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Thread: Need help turning beads/coves on face-turned end grain

  1. #16
    Join Date
    Feb 2008
    Location
    E TN, near Knoxville
    Posts
    6,531

    Spindle gouge grinds

    Quote Originally Posted by Dane Riley View Post
    John, next time you photograph in your shop, could you photograph your spindle gouge grinds and start a new thread? I know what a many versions of a bowl gouge grind looks like, but have seen few spindle gouge grinds, and no detail gouge grinds. My skill with each of these probably reflects this.
    I looked through my photo files to be sure and I can't find a single good photo of spindle gouge grinds.

    I can shoot some. But you might have to remind me - I'm way overbooked until after the first of Sept! I can always take quick pictures with my phone but to see grinds properly would need closeup photos with the "good" camera. In the mean time perhaps someone else will have some photos on hand.

    Also, the Tormek manual has some instruction about sharpening. Their gouge jig is very similar in operation to the Varigrind although the settings are not. Like elsewhere, bowl gouges get most of the attention but is a bit on page 78 in here: https://www.tormek.com/media/448711/...01-svd-185.pdf
    I think the top drawing in the spindle gouge section of the table looks pretty close to what I use. If your spindle gouge looks remotely close to this it is probably fine - you can do the same cuts with a significant variation in the grind once you get used to it. Must be scary sharp, though!

    I actually like the Tormek jig better for spindle gouges but the Varigrind works fine and I did use it for a few years. These days I sharpen the spindle gouges on the Tormek with a 1200 grit CBN but reshape if necessary (rarely) on a coarser CBN wheel on a bench grinder with a extra Tormek jig support bar. I may have mentioned this, but if not, I keep six of my most used spindle gouges (3/8" Thompson) with identical grinds. When one gets dull I put it in the dull pile and put a sharp on in the handle. When they are all dull I stop and resharpen them all. This lets me keep turning without interruption and saves a lot of sharpening time since most of the time is setting the jig for the exact grind.

    tormek_B.jpg

    JKJ

  2. #17
    Join Date
    Jan 2016
    Location
    Beavercreek, Ohio
    Posts
    3
    I found a couple of videos where a guy makes bases for a mug or earring stand, so he is making similar cuts to the ones I want to learn (decorations on the end grain of a face-turned piece). He mostly uses a negative rake scraper, but at 1:55 he uses his shallow gouge on the end grain with the flute facing up. I was under the impression that doing this was dangerous. I've read that getting a catch with the gouge like this could cleave the wood in half. Of course, this guy is a pro with 35 years of experience, maybe he is skill enough to get away with it. I don't think I'm skilled enough.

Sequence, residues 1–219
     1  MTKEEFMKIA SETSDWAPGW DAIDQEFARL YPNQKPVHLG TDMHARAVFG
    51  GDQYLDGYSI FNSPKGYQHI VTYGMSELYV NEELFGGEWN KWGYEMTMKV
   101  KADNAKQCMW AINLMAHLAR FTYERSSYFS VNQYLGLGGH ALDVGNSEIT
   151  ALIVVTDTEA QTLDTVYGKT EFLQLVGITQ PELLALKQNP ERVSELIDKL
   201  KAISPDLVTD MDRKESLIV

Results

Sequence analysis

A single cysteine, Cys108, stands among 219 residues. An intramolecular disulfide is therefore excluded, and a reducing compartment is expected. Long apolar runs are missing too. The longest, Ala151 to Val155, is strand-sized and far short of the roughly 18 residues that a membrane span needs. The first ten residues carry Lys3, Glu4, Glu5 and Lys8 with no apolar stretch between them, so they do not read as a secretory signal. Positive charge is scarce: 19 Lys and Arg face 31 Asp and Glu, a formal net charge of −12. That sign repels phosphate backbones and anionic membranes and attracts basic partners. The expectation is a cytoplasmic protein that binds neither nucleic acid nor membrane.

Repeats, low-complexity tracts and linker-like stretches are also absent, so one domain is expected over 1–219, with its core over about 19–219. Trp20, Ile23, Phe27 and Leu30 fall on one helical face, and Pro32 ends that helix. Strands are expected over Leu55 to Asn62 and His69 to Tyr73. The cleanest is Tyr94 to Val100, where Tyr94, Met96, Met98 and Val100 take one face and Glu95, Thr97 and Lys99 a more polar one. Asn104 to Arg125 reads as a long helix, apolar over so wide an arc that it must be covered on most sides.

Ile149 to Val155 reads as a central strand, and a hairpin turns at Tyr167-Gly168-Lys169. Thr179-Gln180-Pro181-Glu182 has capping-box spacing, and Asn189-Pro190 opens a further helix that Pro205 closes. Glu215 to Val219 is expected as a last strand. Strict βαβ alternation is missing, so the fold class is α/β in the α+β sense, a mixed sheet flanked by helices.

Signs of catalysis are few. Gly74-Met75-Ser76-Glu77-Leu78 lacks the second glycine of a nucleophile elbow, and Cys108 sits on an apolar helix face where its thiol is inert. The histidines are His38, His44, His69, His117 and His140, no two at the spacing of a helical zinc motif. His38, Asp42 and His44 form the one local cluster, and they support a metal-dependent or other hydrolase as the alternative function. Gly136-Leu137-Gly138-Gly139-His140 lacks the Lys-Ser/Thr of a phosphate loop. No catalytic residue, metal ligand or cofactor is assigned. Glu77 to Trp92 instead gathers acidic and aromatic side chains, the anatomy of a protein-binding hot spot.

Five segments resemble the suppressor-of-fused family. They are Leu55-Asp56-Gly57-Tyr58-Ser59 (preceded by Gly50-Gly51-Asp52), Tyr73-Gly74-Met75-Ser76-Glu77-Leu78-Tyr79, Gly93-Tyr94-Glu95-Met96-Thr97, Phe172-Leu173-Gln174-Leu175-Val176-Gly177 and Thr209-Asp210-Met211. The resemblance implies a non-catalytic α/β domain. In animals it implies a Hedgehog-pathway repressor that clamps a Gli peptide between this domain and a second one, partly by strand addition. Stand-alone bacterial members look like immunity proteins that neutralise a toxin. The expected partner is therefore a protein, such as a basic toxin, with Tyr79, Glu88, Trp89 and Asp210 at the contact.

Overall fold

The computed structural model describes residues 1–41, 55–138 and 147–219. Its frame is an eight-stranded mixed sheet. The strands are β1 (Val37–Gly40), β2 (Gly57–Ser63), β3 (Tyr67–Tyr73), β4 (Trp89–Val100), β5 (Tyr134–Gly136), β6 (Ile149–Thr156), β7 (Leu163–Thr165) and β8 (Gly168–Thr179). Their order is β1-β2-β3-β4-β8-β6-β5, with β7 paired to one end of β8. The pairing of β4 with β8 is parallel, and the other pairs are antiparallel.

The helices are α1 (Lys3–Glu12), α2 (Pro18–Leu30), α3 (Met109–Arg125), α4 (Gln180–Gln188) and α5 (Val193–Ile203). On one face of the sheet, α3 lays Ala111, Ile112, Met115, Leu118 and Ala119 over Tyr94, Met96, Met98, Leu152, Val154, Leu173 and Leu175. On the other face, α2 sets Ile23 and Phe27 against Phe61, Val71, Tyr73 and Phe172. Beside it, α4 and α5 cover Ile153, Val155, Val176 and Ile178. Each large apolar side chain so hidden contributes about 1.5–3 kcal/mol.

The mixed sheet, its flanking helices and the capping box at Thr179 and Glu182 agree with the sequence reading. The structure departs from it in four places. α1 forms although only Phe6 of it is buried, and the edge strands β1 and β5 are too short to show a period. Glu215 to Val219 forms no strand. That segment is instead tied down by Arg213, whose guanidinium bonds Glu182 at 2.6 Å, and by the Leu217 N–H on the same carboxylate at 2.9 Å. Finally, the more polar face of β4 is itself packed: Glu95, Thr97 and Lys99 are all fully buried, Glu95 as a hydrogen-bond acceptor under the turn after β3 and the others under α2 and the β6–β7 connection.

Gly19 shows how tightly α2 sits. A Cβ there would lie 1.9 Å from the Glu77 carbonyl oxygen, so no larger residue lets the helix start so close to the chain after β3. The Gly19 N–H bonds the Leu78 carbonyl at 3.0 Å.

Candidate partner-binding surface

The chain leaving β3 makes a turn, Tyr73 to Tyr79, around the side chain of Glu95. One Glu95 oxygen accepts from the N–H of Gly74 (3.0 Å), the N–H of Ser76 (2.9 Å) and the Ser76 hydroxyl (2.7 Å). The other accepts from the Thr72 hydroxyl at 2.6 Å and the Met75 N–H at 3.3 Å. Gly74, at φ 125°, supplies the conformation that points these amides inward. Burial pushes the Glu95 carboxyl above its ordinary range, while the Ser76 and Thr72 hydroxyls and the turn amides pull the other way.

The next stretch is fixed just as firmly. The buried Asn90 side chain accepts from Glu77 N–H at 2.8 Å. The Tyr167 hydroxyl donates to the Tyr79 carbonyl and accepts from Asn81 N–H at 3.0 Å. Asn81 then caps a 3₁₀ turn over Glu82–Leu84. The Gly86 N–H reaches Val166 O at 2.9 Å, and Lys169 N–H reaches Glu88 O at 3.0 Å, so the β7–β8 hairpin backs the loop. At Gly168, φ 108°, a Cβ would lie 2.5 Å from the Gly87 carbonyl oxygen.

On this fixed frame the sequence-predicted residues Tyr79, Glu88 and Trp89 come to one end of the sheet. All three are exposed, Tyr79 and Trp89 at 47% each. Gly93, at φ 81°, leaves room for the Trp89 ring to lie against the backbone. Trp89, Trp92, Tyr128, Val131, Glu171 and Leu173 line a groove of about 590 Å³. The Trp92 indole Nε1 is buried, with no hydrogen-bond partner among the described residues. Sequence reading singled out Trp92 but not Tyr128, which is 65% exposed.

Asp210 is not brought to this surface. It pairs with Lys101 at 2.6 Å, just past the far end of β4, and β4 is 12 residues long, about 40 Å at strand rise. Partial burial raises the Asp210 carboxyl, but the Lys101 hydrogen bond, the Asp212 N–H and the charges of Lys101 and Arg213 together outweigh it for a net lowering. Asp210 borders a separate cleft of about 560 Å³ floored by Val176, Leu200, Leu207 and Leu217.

What do you all think?

  3. #18
    Quote Originally Posted by Chris Bumgarner View Post
    I found a couple of videos where a guy makes bases for a mug or earring stand, so he is making similar cuts to the ones I want to learn (decorations on the end grain of a face-turned piece). He mostly uses a negative rake scraper, but at 1:55 he uses his shallow gouge on the end grain with the flute facing up. I was under the impression that doing this was dangerous. I've read that getting a catch with the gouge like this could cleave the wood in half. Of course, this guy is a pro with 35 years of experience, maybe he is skill enough to get away with it. I don't think I'm skilled enough.

    What do you all think?
    Raffan uses a spindle gouge to cut details in the edges of flat platters and trivets, also woodturner21 uses a spindle gouge to do the cove and oggee cuts in his demo videos. Both appear use the bevel with flute pointing the direction of cut. In a workshop with Richard R. he showed us how to do the cuts with spindle gouge, explaining that tool presentation and sharpness are crucial to clean side grain cuts. Emphasis on sharp cutting edge, as a tool that is not razor sharp will need more pressure making control difficult and likely result in a catch, a sharp tool cuts with light pressure on the wood. It takes practice to learn the feel of sharp edge compared to a nearly sharp edge, when in doubt sharpen, give yourself the sharpest edge to give you the best chance of a clean cut. Good luck and stay safe.

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